The politics of spelling
What you call things clearly matters: global warming or climate change? High fructose corn syrup or corn sugar? Terrorist or freedom fighter? The knaidel/kneydl debate after the Scripps spelling bee is a reminder of the origins and implications of agreed, canonical spelling. Dara Horn writes an illuminating NYT Op-Ed about spelling as a political statement in Jewish Identity, Spelled in Yiddish.
Spelling in the early Soviet Union was even more perverse. There, government control over Yiddish schools and presses led to the invention and enforcement of a literally anti-Semitic Yiddish orthography by spelling the language’s many Semitic-origin words phonetically instead of in Hebrew. (Imagine spelling “naïve” as “nigh-eve” in order to look less French.) It was an attempt to erase Jewish culture’s biblical roots, letter by letter.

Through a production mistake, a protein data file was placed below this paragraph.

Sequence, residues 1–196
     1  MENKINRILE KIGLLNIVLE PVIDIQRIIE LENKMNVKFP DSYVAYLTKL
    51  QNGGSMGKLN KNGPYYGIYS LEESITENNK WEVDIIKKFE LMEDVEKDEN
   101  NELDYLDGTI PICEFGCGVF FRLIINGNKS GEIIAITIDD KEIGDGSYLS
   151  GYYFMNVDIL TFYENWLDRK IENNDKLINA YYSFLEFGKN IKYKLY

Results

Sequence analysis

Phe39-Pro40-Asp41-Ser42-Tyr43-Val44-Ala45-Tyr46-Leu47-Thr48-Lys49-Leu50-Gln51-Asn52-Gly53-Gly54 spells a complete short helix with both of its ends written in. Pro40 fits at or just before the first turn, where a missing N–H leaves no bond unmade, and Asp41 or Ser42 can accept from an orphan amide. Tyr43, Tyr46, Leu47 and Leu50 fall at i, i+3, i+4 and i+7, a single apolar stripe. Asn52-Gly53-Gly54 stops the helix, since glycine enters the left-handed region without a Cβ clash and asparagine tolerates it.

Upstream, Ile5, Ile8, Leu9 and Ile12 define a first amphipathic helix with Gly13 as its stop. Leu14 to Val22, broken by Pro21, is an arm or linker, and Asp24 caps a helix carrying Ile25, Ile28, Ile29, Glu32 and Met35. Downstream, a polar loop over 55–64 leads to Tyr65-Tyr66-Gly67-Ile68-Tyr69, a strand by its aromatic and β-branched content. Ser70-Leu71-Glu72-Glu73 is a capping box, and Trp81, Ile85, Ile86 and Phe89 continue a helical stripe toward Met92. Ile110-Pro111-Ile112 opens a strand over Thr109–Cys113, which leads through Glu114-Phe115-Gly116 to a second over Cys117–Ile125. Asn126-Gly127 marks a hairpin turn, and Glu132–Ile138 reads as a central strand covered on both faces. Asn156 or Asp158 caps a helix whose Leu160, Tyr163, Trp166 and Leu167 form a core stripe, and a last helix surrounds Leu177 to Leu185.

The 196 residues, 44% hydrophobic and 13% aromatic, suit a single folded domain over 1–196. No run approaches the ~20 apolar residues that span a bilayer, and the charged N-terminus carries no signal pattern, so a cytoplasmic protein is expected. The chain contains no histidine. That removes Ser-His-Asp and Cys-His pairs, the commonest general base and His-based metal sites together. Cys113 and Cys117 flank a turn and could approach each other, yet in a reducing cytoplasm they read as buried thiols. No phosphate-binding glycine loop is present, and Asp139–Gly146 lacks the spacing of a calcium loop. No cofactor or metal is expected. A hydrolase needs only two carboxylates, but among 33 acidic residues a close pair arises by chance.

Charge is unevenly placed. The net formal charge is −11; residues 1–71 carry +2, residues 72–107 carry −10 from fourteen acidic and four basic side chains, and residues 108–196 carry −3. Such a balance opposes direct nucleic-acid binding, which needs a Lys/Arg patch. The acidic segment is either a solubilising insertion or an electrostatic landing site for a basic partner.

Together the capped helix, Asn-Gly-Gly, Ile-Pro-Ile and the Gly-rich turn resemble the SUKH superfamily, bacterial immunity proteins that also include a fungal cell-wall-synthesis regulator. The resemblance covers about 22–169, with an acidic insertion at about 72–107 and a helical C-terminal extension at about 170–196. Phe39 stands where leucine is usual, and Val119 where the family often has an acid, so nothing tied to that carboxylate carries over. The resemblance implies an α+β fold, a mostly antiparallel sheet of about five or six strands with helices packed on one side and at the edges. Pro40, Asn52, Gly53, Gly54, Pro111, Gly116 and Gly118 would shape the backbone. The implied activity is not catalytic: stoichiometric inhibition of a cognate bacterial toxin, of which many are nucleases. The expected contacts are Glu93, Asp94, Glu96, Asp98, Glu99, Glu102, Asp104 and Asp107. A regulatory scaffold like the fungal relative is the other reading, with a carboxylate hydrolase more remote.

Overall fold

History is commonly understood to be written by the victors, but it’s interesting to think about the cultural and historial roots underlying in the way we spell.
Photo credit: infowidget